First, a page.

And some children with autism have no problem carrying on a conversation! So don’t always assume there will be problems with communication when photographing a child with autism. You might have a chatterbox on your hands!

5. Location and safety

Going back to boundaries, some children with autism don’t have a sense of boundaries or a sense of fear and danger. That means that thing that holds the rest of us back doing things we shouldn't is lacking or non existent for some with autism. This can lead to bolting and wandering and climbing or putting objects in mouths to name a few dangerous habits. For a photography session in my studio, I try my best to remove any tempting equipment, I blockade the stairs that lead to my storage loft and I do my best to make climbing opportunities at a minimum. I also remove anything that might be broken easily. This just puts a parent as ease so they don’t have to worry about binging their child to my studio and having them wreck anything. I want it to be as autism friendly as possible.

If we are going to be outside, I have a conversation with the parent first about what the child likes and dislikes. Often this means a playground! Which I have mixed feelings about photographing at. A lot of times, it can be hard to get a child to hold still for two seconds and engage with me at a playground. But sometimes it can bring out the biggest smiles because they are so happy playing and climbing. Just be prepared to chase and climb and run! If I feel the playground is going to be more of a distraction, I try to select a park where the playground isn’t easily seen right away and so I can get some images before the excitement of the playground kicks in. But a playground can be ideal for those kids who aren’t into engaging with a new person because it can remove that uncomfortable social situation and allows them just to play. 

6. What is most important?

I like to ask every client, autism or not, what is most important to you in this session? It helps them prioritize what they really want captured. Often autism parents know how hard it is to get good photos of their kids so they are not super demanding when it comes to requests! But I still like to know what are their expectations. Is a family portrait most important? Or is it capturing their son just being himself in some lifestyle candid moments? Do they plan to hang a portrait on their wall? Or use it for an album? This all helps me set the session up to be successful.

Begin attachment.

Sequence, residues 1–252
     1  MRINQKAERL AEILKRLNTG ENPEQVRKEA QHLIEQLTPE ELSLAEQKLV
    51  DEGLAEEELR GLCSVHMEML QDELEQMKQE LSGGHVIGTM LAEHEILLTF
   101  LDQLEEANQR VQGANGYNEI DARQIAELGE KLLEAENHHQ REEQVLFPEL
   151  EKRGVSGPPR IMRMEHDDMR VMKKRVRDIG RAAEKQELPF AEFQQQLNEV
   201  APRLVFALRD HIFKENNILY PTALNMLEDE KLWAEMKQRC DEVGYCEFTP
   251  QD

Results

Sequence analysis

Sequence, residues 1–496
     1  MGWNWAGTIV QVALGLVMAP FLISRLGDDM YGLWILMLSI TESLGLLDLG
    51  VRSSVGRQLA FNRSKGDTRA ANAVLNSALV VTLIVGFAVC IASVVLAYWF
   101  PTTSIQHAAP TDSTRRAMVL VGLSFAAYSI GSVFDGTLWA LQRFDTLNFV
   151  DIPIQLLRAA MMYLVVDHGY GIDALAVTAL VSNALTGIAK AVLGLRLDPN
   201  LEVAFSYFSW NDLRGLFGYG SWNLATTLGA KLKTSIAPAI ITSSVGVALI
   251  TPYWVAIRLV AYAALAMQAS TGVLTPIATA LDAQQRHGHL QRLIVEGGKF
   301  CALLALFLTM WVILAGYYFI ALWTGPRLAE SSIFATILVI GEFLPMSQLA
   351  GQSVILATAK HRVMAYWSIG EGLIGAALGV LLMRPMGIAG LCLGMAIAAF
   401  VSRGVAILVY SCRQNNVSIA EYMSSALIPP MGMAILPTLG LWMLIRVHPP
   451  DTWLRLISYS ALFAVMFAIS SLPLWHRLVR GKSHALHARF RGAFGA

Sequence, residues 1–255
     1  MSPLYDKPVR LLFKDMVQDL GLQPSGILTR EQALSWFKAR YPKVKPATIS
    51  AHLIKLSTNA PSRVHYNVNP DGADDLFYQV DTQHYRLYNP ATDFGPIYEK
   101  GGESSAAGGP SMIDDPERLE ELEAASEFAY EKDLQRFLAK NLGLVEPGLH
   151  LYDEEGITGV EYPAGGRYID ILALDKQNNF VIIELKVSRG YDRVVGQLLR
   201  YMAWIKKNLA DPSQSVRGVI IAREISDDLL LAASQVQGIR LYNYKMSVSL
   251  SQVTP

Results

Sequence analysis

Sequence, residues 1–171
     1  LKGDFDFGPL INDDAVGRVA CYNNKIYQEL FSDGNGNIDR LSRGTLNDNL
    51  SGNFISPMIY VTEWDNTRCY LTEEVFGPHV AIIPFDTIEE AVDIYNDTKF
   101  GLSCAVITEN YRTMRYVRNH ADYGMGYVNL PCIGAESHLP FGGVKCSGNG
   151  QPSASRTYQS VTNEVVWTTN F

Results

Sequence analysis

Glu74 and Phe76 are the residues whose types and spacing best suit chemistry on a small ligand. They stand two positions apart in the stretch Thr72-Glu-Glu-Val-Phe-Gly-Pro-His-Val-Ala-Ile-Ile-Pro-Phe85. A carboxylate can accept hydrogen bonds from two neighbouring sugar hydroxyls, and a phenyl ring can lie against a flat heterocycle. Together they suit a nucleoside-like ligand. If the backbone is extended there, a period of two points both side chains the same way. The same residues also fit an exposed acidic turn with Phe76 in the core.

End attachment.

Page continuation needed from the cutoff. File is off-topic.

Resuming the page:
And if there is a long list of things that a client wants to accomplish, this question narrows it down and then I know without a doubt what I have to capture and what might be bonus shots. It can help manage too high of expectations. Too many sets and outfits can wear a child out. Especially one with a short attention span so getting to the heart of what’s most important to a client is critical for a successful session. 

7. Eliminate distractions

Before a client arrives to a session, if I’m in studio, I remove all distractions. This includes all the safety things but I also adjust any extra fun things that eagle-eyed children spot right away. The candy jar of suckers gets put away. The box of clips and kids toys and books are put out of sight. I sometimes use a reflector but if that becomes distracting, I put it away. Everything to keep a child’s focus on me.